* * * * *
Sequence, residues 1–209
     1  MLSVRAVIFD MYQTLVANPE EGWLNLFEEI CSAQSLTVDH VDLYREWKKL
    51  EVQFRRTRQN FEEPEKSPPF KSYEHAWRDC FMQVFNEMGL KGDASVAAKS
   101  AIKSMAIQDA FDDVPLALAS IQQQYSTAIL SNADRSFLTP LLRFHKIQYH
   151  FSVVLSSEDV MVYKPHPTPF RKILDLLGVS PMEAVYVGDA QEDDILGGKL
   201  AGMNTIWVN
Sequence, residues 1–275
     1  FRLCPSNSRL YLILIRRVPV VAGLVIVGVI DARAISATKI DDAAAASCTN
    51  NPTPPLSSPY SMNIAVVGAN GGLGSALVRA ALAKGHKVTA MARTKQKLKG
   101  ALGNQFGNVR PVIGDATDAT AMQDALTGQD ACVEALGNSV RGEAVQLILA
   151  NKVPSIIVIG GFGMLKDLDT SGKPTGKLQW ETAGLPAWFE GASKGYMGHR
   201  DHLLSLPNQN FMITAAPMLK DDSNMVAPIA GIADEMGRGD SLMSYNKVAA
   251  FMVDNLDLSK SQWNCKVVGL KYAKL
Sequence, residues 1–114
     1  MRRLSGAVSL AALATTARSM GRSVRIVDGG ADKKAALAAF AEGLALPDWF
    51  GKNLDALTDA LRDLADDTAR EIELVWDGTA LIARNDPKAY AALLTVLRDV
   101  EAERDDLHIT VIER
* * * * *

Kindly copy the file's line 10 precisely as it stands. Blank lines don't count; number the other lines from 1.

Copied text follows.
   101  ALGNQFGNVR PVIGDATDAT AMQDALTGQD ACVEALGNSV RGEAVQLILA